There’s a new ditty being spread by China’s Christians: “Fly the national flag, put up propaganda slogans. The church belongs to the Party, not to the Lord.”
Xinjiang regulations imposed in the name of social stability harm businesses, and can be used to persecute merchants arbitrarily.
Churches in Jiaozuo city of Henan Province have been turned into communist party schools, cultural centers, and activity hubs.
House churches in Shandong are having their power and water cut off and their doors blockaded for refusing to join the state-sanctioned Protestant church.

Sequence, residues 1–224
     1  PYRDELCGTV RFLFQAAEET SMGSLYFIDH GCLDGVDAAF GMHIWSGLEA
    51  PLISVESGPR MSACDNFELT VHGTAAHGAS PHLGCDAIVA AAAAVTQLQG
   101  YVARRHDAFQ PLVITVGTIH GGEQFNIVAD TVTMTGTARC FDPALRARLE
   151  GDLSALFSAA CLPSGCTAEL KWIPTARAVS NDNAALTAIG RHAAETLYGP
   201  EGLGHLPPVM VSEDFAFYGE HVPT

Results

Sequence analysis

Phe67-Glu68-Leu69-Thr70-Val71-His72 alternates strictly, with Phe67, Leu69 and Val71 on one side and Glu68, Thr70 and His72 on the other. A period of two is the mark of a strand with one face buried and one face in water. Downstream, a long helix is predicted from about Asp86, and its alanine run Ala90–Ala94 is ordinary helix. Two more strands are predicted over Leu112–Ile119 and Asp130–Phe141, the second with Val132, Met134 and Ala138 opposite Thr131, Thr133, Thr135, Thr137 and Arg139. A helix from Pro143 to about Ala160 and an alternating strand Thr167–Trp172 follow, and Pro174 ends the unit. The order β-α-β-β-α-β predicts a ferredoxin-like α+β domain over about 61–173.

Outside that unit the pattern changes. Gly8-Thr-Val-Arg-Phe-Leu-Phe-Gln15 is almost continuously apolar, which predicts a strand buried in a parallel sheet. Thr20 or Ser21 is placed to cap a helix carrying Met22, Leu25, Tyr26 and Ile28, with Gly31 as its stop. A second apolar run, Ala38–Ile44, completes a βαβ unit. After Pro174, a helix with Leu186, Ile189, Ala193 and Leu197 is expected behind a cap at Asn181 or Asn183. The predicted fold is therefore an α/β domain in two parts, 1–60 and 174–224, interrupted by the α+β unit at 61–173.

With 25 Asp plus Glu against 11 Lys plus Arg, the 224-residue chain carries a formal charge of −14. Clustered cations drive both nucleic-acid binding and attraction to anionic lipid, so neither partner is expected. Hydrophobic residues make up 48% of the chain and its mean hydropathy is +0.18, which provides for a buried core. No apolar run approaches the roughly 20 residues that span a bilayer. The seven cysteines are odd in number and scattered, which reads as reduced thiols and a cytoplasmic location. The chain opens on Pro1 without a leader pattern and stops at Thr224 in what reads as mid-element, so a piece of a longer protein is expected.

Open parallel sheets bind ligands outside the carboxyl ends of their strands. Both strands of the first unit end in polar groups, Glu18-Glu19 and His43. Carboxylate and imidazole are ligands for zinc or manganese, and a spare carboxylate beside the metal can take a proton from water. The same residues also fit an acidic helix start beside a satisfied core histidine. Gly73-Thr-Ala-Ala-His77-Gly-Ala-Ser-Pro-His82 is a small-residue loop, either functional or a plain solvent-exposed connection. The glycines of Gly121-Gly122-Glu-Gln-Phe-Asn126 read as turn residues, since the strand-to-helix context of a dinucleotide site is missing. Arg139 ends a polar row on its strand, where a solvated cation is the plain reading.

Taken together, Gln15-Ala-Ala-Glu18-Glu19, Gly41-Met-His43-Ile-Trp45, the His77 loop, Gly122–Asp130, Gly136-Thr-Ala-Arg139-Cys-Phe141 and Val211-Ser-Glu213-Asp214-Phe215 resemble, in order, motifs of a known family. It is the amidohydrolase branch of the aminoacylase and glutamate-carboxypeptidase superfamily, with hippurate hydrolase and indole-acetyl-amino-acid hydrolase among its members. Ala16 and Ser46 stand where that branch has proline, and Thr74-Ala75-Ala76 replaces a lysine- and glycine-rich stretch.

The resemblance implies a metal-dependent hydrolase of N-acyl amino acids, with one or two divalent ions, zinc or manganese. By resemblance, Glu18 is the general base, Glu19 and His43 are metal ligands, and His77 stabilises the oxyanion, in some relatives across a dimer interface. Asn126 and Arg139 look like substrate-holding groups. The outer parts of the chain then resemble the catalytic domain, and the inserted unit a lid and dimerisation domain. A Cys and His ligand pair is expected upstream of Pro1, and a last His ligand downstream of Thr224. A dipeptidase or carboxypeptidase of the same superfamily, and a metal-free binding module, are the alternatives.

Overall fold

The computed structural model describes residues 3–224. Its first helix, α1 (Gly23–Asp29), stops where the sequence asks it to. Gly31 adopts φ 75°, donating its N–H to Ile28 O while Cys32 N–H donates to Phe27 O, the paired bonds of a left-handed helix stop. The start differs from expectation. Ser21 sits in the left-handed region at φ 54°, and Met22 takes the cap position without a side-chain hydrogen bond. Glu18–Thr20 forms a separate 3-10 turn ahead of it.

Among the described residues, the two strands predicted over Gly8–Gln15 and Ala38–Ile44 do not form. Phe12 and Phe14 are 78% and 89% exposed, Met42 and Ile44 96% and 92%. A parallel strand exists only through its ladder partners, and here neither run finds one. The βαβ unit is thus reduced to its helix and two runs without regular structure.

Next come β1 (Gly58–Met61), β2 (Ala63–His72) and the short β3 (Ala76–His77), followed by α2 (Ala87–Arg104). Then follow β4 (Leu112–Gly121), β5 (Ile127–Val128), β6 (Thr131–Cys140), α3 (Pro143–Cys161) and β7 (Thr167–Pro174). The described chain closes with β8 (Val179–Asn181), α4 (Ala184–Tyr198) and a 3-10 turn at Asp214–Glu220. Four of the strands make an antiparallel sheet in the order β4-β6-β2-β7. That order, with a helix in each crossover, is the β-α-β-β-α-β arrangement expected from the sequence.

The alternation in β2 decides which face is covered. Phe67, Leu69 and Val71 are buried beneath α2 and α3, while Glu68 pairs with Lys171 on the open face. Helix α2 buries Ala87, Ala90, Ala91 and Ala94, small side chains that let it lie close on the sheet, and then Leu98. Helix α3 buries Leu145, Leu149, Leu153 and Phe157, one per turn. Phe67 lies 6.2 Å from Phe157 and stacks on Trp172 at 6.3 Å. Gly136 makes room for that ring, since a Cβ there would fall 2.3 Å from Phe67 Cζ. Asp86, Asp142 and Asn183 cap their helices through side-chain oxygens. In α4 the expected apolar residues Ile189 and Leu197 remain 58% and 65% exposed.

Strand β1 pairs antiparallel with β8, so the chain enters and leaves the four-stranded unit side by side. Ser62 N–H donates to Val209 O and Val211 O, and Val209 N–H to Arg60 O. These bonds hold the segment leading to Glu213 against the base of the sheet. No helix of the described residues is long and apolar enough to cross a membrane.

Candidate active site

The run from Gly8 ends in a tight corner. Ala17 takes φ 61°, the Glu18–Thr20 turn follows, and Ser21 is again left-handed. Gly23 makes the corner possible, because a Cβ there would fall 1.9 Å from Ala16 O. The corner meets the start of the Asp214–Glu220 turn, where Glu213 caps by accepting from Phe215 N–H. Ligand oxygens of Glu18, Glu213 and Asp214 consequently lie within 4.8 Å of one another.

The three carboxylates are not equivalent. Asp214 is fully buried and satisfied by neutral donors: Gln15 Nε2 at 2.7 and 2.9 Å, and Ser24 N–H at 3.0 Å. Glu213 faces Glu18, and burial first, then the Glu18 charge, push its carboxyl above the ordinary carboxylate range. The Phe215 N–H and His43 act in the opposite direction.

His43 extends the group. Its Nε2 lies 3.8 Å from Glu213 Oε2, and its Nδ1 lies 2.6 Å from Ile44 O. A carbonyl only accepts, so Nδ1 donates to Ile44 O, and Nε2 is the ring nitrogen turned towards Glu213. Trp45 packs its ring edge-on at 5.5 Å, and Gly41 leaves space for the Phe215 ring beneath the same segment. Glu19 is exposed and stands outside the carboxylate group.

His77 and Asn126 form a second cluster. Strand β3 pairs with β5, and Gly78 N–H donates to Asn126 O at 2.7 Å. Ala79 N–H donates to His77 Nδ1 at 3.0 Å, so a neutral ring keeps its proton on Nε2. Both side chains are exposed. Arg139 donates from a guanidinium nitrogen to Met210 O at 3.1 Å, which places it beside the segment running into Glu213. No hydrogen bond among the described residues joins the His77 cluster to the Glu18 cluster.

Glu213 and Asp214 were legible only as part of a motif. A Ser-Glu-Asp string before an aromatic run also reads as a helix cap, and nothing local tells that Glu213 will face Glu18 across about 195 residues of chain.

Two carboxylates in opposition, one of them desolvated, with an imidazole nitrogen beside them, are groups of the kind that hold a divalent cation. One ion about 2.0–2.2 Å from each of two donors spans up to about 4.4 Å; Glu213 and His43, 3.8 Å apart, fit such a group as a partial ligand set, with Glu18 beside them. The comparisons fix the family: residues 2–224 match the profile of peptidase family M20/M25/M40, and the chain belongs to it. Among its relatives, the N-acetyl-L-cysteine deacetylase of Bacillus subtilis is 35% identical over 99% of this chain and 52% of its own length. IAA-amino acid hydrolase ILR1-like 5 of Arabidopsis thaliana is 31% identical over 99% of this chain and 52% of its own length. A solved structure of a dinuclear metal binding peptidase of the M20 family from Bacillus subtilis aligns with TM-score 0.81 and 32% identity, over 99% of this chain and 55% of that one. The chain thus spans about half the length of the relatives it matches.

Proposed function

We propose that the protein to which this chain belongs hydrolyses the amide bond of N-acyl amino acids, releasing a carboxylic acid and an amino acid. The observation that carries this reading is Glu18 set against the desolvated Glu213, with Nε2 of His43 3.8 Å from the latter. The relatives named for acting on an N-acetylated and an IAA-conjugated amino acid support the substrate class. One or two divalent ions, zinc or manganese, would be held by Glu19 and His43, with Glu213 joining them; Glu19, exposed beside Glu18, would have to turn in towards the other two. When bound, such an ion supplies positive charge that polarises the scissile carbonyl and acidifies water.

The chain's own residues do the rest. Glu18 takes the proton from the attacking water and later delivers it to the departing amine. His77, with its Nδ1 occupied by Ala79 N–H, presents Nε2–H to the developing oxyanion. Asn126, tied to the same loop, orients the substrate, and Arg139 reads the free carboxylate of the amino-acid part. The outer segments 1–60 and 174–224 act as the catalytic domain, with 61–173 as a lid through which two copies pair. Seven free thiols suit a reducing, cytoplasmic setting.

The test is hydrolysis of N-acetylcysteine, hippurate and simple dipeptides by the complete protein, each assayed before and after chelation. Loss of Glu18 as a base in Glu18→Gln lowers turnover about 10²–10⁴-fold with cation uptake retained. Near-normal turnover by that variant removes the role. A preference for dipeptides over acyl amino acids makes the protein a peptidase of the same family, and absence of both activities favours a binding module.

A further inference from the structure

What does CCP persecution look like? Shocking details of harassment, public shaming, indoctrination, and tracking illustrate the plight of believers in China.
The church leaders from Inner Mongolia were arrested, and seven of them were sentenced to more than five years in prison.
Fearing damage to the Party’s reputation of caring for the most vulnerable, a private orphanage that sheltered and placed disabled children is shuttered.
In a “sinicization” move bordering on farce, authorities force a church to delete one commandment from the fundamental law of Judaism and Christianity.
Husband and wife pastor duo in Tongjiang city lose church after buying religious books from South Korea, which officials deemed illegal.
Instead of using frequent Christian expressions of praise, believers must thank the Communist Party of China – or face dire consequences.